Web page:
NORTH SALT LAKE, Utah (AP) -- A landslide struck an upscale suburban Salt Lake City community on Tuesday, destroying a home and forcing evacuations as a rain-soaked hillside tumbled from above.
No one was hurt in the slide in North Salt Lake, where residents of the manicured neighborhood near a tennis and swim club said they could hear the hillside rumbling hours before it tumbled.
"It was very eerie and very frightening, and we knew the mountain was coming down," said Steven Peterson, 64, who lives across the street from the crushed home. Six of the 10 people who lived there and were home went to Peterson's house to escape danger. The family is from Peru and includes young children and their grandparents in their 70s.
"We all sat on the porch and watched their house collapse," he said. "It started very slowly and then it got louder and louder."
Images showed the 2,960-square-foot home pushed onto the driveway and over large landscaping rocks. Walls were ripped from the roof and windows were blown out. A large, half-moon-shaped chunk of land measuring 400-feet by 400-feet, and 20 feet deep, was missing from the hill above.
The slide came as severe thunderstorms hit Utah and Nevada. Flooding damaged about 100 homes in Carbon County, southeast of Salt Lake City, where road crews were cleaning up and providing hundreds of sandbags for people affected by a severe thunderstorm Monday night.
In Nevada, flooding closed roads on the edge of Las Vegas and at Death Valley National Park, as most of the state was under a flash flood watch with more rain in the forecast.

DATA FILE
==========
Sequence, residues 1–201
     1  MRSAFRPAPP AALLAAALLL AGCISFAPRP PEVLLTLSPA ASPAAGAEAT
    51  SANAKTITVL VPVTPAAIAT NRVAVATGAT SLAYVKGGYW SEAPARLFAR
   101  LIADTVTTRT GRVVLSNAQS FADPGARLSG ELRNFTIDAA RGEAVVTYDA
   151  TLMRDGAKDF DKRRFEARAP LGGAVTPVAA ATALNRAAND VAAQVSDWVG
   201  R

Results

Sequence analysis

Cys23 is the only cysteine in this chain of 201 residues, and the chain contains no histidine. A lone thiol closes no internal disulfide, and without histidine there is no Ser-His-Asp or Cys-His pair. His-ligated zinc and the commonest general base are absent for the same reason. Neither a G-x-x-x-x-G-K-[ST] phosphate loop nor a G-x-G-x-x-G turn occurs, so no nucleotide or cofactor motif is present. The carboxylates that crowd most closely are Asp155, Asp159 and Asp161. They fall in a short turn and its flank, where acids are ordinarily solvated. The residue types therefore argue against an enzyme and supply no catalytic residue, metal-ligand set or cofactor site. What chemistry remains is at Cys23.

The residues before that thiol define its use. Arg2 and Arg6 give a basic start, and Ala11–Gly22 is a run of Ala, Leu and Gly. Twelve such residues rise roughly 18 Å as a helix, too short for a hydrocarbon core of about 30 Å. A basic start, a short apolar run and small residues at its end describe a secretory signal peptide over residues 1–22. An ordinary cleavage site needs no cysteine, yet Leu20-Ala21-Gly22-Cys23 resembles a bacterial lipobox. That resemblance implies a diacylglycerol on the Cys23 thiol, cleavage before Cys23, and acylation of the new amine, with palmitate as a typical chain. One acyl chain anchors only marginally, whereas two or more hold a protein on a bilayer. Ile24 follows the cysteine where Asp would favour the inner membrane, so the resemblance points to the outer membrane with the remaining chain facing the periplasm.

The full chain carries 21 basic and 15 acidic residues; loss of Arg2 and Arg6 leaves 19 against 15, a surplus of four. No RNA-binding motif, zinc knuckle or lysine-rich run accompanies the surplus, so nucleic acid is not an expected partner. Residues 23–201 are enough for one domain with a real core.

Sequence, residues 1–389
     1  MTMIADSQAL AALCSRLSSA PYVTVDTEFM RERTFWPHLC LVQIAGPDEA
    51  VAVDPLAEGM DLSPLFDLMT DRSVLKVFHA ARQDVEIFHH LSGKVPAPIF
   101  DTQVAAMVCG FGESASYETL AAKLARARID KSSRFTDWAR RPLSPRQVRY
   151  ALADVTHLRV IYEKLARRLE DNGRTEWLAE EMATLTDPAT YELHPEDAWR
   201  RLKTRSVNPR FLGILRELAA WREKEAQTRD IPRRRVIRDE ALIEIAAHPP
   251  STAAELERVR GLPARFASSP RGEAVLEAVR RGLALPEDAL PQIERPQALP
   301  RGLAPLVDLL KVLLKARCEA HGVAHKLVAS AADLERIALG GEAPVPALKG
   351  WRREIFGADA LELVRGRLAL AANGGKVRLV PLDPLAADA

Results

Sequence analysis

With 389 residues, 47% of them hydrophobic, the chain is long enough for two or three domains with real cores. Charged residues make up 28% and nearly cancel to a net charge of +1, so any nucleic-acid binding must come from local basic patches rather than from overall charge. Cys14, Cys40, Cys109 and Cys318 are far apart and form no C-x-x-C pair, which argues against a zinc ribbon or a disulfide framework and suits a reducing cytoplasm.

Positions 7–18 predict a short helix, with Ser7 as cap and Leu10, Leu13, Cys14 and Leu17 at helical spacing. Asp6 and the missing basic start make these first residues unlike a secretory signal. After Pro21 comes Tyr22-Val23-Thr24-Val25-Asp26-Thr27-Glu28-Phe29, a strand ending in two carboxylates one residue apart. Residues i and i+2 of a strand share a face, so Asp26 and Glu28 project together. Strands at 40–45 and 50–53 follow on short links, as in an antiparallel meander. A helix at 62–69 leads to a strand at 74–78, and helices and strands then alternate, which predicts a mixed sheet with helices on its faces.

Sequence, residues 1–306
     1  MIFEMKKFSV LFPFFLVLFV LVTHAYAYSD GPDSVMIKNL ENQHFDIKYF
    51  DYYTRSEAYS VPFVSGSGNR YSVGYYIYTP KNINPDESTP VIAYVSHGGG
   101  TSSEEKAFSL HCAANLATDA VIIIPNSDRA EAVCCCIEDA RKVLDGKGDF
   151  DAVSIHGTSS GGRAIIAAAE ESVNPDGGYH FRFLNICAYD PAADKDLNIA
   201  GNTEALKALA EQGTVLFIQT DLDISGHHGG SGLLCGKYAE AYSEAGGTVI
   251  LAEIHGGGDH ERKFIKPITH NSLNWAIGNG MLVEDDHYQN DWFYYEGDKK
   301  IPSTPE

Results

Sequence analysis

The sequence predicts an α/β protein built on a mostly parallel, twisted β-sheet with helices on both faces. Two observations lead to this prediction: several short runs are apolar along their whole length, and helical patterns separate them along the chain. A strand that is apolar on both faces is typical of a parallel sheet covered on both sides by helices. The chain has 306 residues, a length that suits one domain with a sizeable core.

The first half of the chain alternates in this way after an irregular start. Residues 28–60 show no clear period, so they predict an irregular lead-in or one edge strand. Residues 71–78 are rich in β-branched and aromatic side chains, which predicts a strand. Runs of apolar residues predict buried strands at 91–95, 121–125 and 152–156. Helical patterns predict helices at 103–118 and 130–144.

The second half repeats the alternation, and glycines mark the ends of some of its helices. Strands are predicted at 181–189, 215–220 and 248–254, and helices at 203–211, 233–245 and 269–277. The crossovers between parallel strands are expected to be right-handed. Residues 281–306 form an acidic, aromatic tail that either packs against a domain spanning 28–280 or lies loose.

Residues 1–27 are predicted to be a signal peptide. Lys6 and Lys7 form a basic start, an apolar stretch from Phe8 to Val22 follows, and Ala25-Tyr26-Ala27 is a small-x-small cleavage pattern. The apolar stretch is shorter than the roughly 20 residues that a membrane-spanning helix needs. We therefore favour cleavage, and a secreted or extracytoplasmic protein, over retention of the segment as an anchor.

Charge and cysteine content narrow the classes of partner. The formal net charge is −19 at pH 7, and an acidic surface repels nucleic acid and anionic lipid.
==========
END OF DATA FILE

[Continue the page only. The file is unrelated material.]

The landslide hit in North Salt Lake -- a city of about 17,000 people 10 minutes north of Salt Lake -- after officials had worried for nearly a year about cracked soil on the hillside above the houses.
Geotechnical engineers and representatives from the home developer removed soil last fall to make the slope less steep and alleviate pressure, city engineer Paul Ottoson said.
The cracking reoccurred this summer, however, and the city hired a company to go back up to the hill to remove more soil. That work had just begun but was halted by this week's heavy rains, he said.
Edwards said the city sent homeowners a letter this week recommending that they protect their valuables.
Further development on the hillside will be halted until the cause of the landslide can be determined, he said, adding that the city planned to declare a state of emergency to seek help for people.
Eaglepointe Development, the company that has developed homes in the area extensively since 1999, said in a statement all its work was done based on recommendations and approvals from the city and independent engineering companies.
The company suggested seismic activity in the area may have contributed to the slide along with the rains. But the University of Utah's Seismograph Stations has seen no evidence of seismic activity in that area at that time, said Katherine Whidden, a research seismologist.
In another neighborhood about a mile away, a deep, slow moving landslide that began in the 1990s cracked 17 homes over two decades, forcing the demolition of all of those houses, said Ken Leetham, the North Salt Lake Assistant City Manager. The final demolitions were finished within the past two years, and the area is now open space and off limits to construction, he said.
Of the 27 homes evacuated, all but four families are expected to return by Wednesday when rainstorms pass, said city manager Barry Edwards. It's unknown when the other four families will be allowed to return home.
Angie MacDonald, 36, and her husband moved in to the area in January with their twin 3-year-old daughters. They've been nervous since seeing construction crews working on the ridge over the past few months. They have not been evacuated, but it's left them unsettled.
"It's scary. It's really scary, but it's not shocking either," MacDonald said. "It makes me wonder: Did we build in the right place?"
Associated Press writers Lindsay Whitehurst and Michelle Price in Salt Lake City contributed to this report.
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